When it comes to checking roles, the Avalanche may want to consider the likes of Samuel Pahlsson, Jim Slater, Torrey Mitchell or Jesse Winchester for a fourth line centre role, while an enforcer like Krys Barch or George Parros may be worthy of interest if Cody McLeod moves elsewhere.
With the Avalanche in need of improved puck skills on the blueline, it's not surprising that Stefan Elliott earned an opportunity last season. After starting out with nine points in his first 18 games with the Avalanche, Elliott had four points in the last 21 games, so there is further development needed, but he's a viable power play quarterback.
Veteran defenceman Jan Hejda is often underrated, and it's easy to point to his career-worst minus-17 and say that he didn't meet expectations, but Hejda took on the difficult checking assignments and started the majority of his shifts in the defensive zone (according to www.behindthenet.ca). Given the circumstances, what Hejda provides is at least adequate, if not better.
Ryan O'Byrne is in a similar position. He doesn't play quite as much as Hejda, but tends to face difficult opposition and is deployed frequently in the defensive zone.
While Ryan Wilson's minutes aren't as challenging as some other Avalanche defenders, he was very effective last season, the only Avalanche blueliner to finish better than plus-2 on the year. Both Wilson and O'Byrne are unheralded types that aren't huge difference-makers, but are good enough for a regular spot in the top six.
24-year-old Erik Johnson scored a career-low 26 points last season, while playing a career-low 20:50 per game. Perhaps the Avalanche aren't inclined to give any defenceman a heavy workload, but if Johnson isn't capable of handling more responsibility, then Colorado's needs on defence are even more pronounced.
If Colorado is inclined to deal from a position of strength (ie. their forward depth), then they most assuredly need to target a first-pair defenceman. Barring any blockbusters, however, the Avalanche still have the cap room to afford a significant addition or two on the blueline.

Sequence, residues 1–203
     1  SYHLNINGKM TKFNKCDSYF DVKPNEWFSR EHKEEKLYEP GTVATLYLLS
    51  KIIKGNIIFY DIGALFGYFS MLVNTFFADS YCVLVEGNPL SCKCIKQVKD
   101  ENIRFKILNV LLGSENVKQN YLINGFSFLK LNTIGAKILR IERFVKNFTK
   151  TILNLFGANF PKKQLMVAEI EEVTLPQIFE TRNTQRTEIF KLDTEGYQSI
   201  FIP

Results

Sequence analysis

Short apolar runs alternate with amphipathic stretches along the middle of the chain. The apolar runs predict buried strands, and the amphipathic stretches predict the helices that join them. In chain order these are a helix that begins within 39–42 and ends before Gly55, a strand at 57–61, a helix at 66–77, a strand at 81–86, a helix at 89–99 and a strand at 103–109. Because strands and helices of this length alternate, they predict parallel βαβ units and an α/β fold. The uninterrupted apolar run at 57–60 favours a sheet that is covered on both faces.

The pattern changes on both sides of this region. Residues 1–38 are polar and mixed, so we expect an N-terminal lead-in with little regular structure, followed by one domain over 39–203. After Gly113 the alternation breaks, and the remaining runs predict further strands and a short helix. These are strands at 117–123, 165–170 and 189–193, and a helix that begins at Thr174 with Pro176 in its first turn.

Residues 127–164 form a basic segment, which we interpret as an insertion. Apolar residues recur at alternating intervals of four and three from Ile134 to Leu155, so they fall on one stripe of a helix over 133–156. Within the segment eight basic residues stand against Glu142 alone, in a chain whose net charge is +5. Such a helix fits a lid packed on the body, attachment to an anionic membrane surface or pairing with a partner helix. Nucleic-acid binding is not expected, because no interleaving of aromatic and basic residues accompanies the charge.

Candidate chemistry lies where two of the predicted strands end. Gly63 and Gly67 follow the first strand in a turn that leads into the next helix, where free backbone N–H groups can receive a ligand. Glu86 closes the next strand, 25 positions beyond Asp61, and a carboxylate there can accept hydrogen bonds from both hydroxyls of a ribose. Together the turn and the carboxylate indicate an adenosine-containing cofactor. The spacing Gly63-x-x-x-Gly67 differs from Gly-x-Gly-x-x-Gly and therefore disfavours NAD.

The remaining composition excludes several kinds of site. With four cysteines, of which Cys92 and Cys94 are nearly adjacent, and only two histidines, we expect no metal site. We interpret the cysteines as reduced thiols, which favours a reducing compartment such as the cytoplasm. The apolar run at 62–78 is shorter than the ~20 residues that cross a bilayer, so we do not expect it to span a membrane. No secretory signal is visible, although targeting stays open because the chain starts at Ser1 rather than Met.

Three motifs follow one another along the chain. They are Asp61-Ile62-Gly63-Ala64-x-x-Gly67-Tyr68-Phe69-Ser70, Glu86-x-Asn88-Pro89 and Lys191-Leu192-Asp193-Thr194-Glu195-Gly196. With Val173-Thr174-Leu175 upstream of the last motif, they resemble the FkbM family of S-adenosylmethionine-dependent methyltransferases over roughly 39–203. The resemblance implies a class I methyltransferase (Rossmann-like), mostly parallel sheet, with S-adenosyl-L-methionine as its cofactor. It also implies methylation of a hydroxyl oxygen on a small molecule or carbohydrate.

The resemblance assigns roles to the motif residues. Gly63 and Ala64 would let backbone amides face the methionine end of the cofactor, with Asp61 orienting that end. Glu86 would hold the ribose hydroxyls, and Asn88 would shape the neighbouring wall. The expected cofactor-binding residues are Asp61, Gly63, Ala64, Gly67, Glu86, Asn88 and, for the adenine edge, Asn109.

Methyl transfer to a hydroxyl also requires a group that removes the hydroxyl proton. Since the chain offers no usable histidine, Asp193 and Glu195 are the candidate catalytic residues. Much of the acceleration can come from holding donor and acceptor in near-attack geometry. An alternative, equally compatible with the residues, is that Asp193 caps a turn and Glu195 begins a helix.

Ryan Suter would be ideal, but presuming that he might be a tad difficult to land, Colorado could look to Matt Carle (who played collegiately at Denver), Dennis Wideman or Brad Stuart, all of whom are capable of handling significant minutes.
Prospects Tyson Barrie and Cameron Gaunce are knocking on the door, too, but with a relatively young group, the Avalanche don't need to rush them.
In 2007-2008, Jean-Sebastien Giguere recorded a career-high save percentage of .922, then he went though three mediocre seasons before bouncing back last season. Though Giguere was in a backup role -- his 32 games played marked a low-mark since 1999-2000, before he was an established NHLer -- his play did help the Avs get through some stretches when Semyon Varlamov was not playing so well.
Varlamov played in a career-high 53 games last season, annointed the number one coming out of training camp, but struggled in November, December and January, leaving him with a tale of two seasons. In those three months, Varlamov was 9-13-1 with a 3.21 goals against average and .887 save percentage. In October, February, March (and April), he was 17-11-2, with a 2.13 goals against average and .931 save percentage.
Improved consistency from Varlamov would obviously be ideal, but the Avalanche have a tandem that gives them a chance to be competitive at the very least.
||6-22-28, +12, 57 GP
||Lake Erie (AHL)
||5-27-32, -1, 49 GP
||Lake Erie (AHL)
||6-21-27, +17, 75 GP
||Lake Erie (AHL)
||Lake Erie (AHL)
||11-25-36, -7, 67 GP
||25-37-2, 3.59 GAA, .906 SV%, 64 GP
||Ilves Tampere (SML)
||2.82 GAA, .910 SV%, 11 GP
||Lake Erie (AHL)
||13-24-37, +8, 53 GP
||47-55-102, +21, 66 GP
||Boston University (HE)
||20-14-1, 2.60 GAA, .923 SV%, 35 GP